Trail 100 is a 17.2 mile moderately trafficked loop trail located near Paradise Valley, Arizona that features beautiful wild flowers and is rated as moderate. The trail offers a number of activity options and is accessible year-round.
One of my favorite local trails. Some challenging short climbs and steep gnar descents. Love how it goes throughout the preserve
Great for running or biking; very slight incline throughout.
Great trail for running or being alone and not getting too lost. Relatively flat most of the way.
I love mountain biking through the preserve.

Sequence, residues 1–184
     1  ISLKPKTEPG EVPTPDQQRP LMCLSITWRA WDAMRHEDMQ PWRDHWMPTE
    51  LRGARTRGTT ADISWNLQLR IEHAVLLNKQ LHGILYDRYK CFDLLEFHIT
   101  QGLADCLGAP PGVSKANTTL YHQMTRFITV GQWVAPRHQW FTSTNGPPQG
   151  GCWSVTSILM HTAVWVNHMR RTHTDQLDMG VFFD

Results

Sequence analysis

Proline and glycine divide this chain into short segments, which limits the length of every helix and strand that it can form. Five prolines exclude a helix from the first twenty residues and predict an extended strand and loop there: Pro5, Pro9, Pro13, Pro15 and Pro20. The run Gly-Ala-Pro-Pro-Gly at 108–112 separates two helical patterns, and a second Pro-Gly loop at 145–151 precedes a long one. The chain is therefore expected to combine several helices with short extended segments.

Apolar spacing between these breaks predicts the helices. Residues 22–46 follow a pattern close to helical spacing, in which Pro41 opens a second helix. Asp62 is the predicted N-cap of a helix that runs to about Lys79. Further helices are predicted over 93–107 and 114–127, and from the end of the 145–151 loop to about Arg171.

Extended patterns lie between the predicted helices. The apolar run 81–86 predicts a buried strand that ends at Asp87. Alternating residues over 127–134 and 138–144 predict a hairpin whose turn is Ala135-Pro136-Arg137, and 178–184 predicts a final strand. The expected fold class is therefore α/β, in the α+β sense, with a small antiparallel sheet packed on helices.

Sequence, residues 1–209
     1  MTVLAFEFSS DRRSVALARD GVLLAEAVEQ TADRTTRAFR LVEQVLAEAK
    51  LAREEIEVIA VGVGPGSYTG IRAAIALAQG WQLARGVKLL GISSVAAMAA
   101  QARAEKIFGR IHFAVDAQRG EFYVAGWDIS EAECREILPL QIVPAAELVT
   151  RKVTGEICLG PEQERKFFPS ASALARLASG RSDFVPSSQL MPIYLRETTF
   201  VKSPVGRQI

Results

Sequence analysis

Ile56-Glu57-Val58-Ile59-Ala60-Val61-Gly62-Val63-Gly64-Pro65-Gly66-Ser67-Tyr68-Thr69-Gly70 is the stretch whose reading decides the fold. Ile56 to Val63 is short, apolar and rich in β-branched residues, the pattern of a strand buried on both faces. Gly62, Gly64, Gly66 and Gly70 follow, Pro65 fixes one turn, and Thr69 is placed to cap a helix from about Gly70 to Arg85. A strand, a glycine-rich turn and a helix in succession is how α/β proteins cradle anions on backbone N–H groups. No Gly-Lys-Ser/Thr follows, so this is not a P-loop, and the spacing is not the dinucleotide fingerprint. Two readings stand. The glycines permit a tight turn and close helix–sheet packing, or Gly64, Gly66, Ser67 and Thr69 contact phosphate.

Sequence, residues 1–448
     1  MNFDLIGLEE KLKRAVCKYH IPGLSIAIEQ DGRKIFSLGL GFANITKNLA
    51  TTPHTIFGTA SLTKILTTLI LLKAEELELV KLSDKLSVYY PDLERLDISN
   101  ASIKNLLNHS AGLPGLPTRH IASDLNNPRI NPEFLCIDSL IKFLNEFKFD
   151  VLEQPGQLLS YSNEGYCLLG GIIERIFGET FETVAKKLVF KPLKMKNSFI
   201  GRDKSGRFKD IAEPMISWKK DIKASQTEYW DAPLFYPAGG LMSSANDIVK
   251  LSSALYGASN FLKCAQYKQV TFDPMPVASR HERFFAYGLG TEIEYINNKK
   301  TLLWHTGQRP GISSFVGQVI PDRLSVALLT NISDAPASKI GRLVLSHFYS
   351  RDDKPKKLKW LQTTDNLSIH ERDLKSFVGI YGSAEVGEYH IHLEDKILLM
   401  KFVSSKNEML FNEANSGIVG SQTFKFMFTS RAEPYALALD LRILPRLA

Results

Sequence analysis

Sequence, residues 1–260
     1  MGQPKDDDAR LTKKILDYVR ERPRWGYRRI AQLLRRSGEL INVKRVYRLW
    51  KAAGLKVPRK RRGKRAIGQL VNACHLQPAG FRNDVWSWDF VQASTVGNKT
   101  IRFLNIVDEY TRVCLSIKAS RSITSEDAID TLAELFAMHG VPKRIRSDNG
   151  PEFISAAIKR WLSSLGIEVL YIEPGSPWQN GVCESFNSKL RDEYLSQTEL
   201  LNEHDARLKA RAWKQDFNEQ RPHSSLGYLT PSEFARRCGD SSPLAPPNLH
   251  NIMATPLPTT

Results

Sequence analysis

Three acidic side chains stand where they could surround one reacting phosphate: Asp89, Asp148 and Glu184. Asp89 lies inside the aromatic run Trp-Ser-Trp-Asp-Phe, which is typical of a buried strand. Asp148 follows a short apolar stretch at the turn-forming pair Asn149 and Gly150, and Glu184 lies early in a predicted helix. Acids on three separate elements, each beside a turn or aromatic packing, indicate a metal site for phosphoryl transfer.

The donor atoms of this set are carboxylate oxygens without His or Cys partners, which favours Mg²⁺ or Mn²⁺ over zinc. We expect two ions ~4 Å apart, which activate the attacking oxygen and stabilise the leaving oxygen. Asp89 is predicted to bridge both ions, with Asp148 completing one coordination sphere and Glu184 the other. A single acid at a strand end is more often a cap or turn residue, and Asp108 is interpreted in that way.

I did the Paradise Valley 100 for the first time ever today. It is located on Tatum Drive at Tomahawk Trail. If you've never been there before and you go looking for it at Tomahawk Trail, you are liable to miss it. Tomahawk Trail is a street running east from Tatum, but the trailhead is on the west side of Tatum, and there is no street sign for it. Just a little outlet from the street leading to the trailhead. There are only four parking spots there, so good luck finding parking. I arrived before 7 am, and I was the only one there yet, so no problem. 100 is also known as the Charles M. Christiansen Trail. Alltrails shows the trail as hard, but that is not true of the main part of the trail. It travels from Tatum over to Squaw Peak Park, and that length is completely easy. I was looking for the hard part and didn't find it before getting to Squaw Peak, so I turned around and came back. It occurred to me that it was maybe a connecting trail or two that was hard, and that was correct. About two mile along the trail from Tatum, there is a side trail that meanders off to the south. I passed it on the way out from Tatum, but grabbed it on the way back. It is not marked that I saw, but it is just a little bit east of the 8, that also crosses the 100. That trails climbs up the side of the ridge on the south side of the 100, and that is where the hiking gets hard. Eventually, it connects to the trail to Two Bit Peak. I realized when I saw it that I had seen Two Bit Peak before, but that was from Squaw Peak rather than Tatum. Anyway, the climb to Two Bit Peak is a bit challenging. The trail is cut from sharp rocks that lie alongside the trail and on the trail. It is also covered in loose rock, making the footwork all the more treacherous. Watch your step, or you are liable to fall down onto some hard rocks. The hike is not at all technically challenging, but it is strenuous work. A very enjoyable hike.